YouGov in the Sunday Times have topline voting intentions of CON 42%, LAB 37%, LDEM 12%. It also has what I think are the first questions on William Hague’s statement – the balance of opinion comes down strongly on Hague’s side on whether he is telling the truth or not (46% think he is, 12% think he isn’t) and whether he was correct to release his personal statement (59% think he was, 17% that he wasn’t). However, on the question of whether the initial decision to share a room with his advisor was an error of judgement, the public are more evenly divided – 43% think it was an error, 42% think it was not.
There is also a YouGov poll in the Scottish Mail on Sunday. Holyrood constitutency voting intentions there are CON 19%, LAB 39%, LDEM 11%, SNP 29%. Holyrood regional voting stands at CON 15%, LAB 36%, LDEM 12%, SNP 26%. Note that the write-up in the Herald says the poll was conducted a month ago. I guess they’ve got the dates wrong there, and it was actually carried out this week – I’ll confirm when I get in the office on Monday.
As we get close to the Pope’s visit to Britain this month, there are also two polls asking questions about it. A poll for the Tablet by MORI found 25% supported the visit, 11% opposed it with 63% having no strong view. 29% of Catholics interviewed said they were likely to go to one of the events during the Pope’s visit.
Asked about the Catholic church in general 49% had a positive view about the Catholic church having strong moral views. 41% agreed it was a force for good, with 17% disagreeing (this was asked as a split sample – the other half of respondents were asked about religion in general, where 52% thought religion was a force for good, and 22% a force for bad. On the specific issue of the child abuse scandal, 55% thought the Catholic church had responded badly, only 11% thought they had dealt with th
MORI also tested if people could identify Pope Benedict – 65% correct identified a photo of him. This compared to 50% who recognised Rowan Williams, 73% Fabio Capello, 86% Simon Cowell, 90% David Cameron and 95% Prince Charles.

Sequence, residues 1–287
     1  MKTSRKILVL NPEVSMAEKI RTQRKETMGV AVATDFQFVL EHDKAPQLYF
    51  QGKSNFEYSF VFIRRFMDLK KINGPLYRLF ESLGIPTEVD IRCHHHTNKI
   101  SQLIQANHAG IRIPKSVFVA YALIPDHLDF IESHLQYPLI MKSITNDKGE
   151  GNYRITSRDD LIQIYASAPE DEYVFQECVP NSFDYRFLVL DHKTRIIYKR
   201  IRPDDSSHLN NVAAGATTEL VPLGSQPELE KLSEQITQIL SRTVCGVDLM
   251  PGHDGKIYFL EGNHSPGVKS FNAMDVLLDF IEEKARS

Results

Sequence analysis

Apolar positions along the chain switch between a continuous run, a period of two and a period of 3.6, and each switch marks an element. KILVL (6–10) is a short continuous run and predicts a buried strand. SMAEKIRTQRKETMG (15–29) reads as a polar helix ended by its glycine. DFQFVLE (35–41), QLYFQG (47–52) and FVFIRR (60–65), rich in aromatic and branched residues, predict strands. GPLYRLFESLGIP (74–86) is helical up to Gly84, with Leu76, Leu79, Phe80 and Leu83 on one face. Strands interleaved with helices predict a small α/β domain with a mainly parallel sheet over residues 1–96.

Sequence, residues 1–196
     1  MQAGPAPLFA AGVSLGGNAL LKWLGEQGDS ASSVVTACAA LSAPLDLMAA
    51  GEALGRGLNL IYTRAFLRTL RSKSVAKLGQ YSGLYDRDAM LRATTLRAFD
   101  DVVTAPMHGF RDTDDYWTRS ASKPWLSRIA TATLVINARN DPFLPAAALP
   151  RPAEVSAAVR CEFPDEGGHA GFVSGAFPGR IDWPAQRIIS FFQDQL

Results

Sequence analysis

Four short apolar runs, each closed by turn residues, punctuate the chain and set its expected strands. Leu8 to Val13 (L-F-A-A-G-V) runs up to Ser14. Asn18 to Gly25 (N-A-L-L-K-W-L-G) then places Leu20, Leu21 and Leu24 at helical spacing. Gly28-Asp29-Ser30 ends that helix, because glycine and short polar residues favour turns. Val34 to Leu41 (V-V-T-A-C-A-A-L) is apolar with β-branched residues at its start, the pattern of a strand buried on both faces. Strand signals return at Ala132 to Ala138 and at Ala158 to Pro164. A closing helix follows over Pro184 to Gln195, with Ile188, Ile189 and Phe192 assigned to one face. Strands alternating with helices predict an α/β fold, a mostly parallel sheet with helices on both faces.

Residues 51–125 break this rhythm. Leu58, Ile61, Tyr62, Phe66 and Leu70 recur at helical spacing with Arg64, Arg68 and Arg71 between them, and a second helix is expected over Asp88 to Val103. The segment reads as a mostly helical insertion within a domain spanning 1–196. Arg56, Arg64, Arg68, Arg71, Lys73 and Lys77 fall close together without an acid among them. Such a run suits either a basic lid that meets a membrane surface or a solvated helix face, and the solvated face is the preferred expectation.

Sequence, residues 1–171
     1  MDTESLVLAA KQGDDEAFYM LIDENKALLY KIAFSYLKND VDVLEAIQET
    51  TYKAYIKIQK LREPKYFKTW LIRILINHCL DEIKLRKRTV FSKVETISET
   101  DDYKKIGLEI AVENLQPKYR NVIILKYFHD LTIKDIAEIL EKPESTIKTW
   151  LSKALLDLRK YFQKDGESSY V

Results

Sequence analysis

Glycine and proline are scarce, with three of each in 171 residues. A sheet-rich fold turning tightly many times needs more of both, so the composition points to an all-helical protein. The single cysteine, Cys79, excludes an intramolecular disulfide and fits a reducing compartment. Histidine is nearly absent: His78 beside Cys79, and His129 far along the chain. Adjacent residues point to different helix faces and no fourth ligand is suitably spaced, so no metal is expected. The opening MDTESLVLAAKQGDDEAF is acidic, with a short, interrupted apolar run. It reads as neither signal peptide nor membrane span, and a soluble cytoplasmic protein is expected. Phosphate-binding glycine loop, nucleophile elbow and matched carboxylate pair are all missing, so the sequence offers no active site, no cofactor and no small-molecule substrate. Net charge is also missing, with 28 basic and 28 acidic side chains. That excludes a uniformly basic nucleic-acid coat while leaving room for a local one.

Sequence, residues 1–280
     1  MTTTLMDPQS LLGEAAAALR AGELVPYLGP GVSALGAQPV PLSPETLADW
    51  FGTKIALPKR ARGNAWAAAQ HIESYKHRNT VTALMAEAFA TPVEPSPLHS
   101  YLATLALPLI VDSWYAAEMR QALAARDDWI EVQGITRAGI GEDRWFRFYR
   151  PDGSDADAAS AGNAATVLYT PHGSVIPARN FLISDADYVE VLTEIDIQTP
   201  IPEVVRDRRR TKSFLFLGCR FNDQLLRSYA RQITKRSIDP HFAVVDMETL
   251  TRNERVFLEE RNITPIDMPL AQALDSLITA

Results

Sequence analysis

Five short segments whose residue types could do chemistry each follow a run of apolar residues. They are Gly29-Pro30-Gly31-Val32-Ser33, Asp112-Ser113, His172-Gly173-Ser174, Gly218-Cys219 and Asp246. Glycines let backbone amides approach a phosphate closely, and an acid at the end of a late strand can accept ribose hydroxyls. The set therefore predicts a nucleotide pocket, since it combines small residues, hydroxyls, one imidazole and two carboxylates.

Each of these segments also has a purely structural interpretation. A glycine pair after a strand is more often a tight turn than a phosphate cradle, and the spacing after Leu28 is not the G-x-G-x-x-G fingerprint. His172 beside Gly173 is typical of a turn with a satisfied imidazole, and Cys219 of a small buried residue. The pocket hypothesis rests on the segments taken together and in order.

There was also a ComRes poll on the visit for Theos. ComRes asked if people agreed or disagreed with 12 statements taken from the Pope’s encyclical letter, Caritas in Veritate. In almost every case people overwhelmingly agreed, largely one suspects because they were pretty bland, inoffensive, non-religious statements, such as “We must prioritise the goal of access to steady employment for everyone” or “The natural environment is more than raw material to be manipulated at our pleasure”. The only statement that people disagreed with was the sole one to mention god: “Poverty is often produced by a rejection of God’s love”, which 81% of people disagreed with.
Despite agreeing with most of the statements he made, people were broadly negative towards whether or not the Pope should comment on world issues. Only 18% thought he responded wisely to issued (49% disagreed), 40% said they generally disagreed with the Pope’s views (20% disagreed) and 41% thought the Pope should not speak out on social and political issues (36% disagreed). I suspect the apparent disconnect between these two banks of questions is down to people associating the Pope with his views on things like abortion, homosexuality, contraception and the church’s child abuse scandal, rather than his views on the environment and the economy.